This original new book argues for a reassessment of Plato's challenge to the arts. Plato was the first great figure in Western philosophy to assess the value of the arts; he argued in the Republic that traditionally accepted forms of poetry, drama, and music are unsound. While this view has been widely rejected, Janaway argues that Plato's hostile case is a more coherent and profound challenge to the arts than has sometimes been supposed. Denying that Plato advocates "good art" in any modern sense, Janaway seeks both to understand Plato's critique in the context of his own philosophy and to locate him in today's philosophy of art, showing how issues in aesthetics arise from responses to his charges.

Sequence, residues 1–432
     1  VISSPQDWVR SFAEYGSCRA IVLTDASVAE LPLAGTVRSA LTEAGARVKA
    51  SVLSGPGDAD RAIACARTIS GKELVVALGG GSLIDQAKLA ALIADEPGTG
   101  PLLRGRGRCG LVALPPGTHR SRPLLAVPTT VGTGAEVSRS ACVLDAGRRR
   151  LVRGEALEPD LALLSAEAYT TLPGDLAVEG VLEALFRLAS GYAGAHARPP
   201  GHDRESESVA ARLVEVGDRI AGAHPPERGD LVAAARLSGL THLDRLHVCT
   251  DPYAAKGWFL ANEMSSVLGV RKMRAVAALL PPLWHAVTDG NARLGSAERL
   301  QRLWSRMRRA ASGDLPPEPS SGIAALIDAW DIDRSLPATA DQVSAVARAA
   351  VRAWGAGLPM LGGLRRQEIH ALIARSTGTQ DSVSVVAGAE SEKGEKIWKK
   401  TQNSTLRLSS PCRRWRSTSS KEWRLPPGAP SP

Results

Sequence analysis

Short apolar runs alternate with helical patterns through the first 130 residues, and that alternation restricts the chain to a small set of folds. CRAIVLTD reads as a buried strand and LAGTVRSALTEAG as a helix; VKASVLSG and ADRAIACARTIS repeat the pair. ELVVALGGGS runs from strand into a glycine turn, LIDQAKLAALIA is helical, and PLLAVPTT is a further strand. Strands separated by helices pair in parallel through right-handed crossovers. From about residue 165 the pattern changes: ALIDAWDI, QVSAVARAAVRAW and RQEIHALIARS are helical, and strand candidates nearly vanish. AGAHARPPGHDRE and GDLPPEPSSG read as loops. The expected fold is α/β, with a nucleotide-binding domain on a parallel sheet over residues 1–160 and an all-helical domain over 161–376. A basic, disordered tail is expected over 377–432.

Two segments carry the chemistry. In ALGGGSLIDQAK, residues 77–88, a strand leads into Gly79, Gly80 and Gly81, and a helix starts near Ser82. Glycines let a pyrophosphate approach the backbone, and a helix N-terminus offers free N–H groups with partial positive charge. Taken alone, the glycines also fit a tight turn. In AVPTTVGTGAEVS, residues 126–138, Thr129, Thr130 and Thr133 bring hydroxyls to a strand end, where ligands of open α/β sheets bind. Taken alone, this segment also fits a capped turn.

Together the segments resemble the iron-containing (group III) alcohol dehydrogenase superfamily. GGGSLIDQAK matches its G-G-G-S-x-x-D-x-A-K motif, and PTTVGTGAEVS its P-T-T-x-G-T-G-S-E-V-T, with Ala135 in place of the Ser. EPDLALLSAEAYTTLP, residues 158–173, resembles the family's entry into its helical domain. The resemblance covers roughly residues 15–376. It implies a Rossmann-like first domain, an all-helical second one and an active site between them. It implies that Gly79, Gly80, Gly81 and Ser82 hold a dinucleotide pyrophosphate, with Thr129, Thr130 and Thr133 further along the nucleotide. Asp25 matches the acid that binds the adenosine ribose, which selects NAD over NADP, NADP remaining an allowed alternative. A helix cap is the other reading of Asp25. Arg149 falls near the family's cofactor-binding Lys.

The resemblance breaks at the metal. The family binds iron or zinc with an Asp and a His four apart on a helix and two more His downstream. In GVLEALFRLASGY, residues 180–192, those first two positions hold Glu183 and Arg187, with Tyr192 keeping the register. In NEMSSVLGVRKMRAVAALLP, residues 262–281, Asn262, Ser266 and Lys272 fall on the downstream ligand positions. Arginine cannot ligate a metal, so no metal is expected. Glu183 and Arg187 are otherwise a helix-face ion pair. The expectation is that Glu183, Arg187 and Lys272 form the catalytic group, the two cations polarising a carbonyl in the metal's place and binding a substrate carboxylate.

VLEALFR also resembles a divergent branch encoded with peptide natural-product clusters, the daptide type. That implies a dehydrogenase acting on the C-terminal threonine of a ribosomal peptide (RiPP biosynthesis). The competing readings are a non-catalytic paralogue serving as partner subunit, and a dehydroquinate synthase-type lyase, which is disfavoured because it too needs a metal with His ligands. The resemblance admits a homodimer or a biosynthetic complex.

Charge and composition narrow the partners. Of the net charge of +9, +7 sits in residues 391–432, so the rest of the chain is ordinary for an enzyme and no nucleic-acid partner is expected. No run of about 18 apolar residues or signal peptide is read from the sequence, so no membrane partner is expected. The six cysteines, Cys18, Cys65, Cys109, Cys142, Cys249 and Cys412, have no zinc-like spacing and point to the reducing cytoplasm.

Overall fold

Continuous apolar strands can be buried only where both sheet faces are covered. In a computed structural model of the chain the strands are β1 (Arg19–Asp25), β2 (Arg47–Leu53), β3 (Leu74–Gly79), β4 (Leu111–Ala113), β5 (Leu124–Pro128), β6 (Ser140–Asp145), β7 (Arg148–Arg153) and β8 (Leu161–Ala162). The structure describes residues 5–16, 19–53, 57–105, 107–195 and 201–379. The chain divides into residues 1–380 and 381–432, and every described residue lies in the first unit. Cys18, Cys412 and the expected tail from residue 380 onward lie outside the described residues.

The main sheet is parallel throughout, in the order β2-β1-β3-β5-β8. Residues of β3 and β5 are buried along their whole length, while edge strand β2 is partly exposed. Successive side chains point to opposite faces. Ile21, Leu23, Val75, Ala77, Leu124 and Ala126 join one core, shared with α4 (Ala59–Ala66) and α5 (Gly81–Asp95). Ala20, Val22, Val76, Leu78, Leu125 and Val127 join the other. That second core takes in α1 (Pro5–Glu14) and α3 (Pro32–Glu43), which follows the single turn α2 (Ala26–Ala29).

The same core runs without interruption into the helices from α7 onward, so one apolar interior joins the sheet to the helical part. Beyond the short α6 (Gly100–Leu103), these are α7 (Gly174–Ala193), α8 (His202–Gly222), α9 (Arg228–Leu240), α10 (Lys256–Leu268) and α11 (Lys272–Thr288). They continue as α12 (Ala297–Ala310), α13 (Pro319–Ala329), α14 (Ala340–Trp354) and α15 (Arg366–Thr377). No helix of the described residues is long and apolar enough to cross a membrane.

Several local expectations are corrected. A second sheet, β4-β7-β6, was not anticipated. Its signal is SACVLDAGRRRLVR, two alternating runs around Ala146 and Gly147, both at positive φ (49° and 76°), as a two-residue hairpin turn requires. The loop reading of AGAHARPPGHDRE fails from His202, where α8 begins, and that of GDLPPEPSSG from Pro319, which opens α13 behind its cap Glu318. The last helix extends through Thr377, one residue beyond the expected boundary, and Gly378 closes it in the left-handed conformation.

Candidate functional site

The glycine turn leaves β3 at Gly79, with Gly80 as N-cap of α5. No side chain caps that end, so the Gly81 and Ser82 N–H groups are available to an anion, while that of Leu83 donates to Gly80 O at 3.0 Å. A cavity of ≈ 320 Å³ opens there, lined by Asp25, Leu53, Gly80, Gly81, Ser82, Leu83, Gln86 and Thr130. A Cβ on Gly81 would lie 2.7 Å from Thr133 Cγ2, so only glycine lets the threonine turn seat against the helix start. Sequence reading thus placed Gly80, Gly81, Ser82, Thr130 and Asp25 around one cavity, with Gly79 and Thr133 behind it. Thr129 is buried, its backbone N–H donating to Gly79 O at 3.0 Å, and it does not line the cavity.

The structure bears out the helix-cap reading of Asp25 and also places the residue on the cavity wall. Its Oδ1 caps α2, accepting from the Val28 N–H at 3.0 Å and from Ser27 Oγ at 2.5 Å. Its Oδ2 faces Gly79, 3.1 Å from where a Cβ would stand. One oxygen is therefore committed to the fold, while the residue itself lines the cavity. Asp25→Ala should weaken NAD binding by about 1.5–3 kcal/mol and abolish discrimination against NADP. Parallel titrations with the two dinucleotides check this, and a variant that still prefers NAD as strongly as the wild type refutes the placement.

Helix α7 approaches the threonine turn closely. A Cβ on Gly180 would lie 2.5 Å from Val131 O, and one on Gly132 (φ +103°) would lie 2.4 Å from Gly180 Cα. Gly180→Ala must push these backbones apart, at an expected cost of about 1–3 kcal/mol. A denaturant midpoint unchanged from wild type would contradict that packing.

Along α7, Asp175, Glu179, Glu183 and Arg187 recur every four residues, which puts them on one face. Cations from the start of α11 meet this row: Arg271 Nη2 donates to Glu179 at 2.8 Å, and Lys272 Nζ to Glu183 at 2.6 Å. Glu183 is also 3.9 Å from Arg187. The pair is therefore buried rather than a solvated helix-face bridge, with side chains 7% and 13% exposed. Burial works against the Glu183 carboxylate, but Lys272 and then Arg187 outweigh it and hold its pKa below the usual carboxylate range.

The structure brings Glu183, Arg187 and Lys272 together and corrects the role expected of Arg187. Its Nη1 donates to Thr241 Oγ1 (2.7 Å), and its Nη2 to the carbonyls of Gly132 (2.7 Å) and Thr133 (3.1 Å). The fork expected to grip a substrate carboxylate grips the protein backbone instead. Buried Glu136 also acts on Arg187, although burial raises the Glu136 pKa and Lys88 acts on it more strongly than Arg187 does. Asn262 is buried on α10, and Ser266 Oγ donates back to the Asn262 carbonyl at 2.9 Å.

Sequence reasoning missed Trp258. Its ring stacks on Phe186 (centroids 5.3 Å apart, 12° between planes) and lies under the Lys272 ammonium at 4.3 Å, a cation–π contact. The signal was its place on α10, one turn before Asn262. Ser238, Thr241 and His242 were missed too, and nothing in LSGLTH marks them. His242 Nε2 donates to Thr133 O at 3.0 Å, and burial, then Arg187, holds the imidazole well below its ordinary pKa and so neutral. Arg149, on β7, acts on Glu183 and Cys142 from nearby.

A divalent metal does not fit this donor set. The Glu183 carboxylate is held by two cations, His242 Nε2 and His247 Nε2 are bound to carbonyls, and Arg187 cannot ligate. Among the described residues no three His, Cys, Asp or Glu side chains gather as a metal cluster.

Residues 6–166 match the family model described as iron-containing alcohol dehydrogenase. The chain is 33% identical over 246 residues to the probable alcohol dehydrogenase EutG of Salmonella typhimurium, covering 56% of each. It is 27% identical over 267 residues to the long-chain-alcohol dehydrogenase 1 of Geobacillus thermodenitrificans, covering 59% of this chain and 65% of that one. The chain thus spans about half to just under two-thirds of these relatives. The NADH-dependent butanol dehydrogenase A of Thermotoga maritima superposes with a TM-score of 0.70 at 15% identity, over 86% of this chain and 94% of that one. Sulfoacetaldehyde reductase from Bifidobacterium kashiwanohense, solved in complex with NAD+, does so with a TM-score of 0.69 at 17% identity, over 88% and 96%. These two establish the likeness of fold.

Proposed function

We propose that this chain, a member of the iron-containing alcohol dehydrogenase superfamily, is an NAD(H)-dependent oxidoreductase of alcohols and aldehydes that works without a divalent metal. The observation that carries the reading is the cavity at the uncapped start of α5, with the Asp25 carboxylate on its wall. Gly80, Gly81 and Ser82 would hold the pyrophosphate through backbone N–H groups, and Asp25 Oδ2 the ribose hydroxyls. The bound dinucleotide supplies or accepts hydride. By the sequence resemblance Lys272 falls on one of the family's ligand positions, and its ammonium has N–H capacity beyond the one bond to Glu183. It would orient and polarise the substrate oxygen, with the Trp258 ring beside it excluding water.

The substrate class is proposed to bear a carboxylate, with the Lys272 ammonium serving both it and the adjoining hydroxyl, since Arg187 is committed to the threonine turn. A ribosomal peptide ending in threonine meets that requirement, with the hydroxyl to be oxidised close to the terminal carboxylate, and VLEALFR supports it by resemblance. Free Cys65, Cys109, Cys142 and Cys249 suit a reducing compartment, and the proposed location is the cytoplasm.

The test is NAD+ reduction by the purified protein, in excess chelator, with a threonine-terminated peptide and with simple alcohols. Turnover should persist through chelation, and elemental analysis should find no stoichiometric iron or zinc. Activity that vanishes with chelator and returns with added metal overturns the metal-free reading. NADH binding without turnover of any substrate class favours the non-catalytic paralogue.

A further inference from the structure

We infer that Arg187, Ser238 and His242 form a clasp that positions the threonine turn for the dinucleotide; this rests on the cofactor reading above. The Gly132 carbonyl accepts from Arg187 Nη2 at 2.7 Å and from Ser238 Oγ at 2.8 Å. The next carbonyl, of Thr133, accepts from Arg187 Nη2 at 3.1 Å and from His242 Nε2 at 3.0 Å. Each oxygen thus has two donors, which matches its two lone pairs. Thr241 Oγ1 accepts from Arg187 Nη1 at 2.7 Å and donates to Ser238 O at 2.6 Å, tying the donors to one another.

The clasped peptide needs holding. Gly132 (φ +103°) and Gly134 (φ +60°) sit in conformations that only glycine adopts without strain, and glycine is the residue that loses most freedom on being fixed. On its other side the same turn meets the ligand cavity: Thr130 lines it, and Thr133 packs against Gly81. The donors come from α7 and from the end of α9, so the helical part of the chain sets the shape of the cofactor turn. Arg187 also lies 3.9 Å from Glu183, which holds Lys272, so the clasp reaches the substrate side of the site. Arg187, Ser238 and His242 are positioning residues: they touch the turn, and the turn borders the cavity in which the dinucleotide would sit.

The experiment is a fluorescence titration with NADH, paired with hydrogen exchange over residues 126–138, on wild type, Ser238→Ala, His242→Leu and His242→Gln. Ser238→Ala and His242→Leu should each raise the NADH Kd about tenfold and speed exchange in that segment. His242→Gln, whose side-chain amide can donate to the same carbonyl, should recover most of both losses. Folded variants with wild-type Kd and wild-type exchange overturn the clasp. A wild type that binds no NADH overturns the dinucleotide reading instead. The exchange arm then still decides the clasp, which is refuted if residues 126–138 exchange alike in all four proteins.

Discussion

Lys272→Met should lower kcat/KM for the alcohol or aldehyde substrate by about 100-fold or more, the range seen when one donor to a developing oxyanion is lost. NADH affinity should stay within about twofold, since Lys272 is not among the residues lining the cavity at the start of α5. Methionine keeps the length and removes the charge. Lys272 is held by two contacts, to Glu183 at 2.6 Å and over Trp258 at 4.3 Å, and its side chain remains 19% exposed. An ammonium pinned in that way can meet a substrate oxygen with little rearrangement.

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Oxford University Press, Incorporated
September 02, 1998
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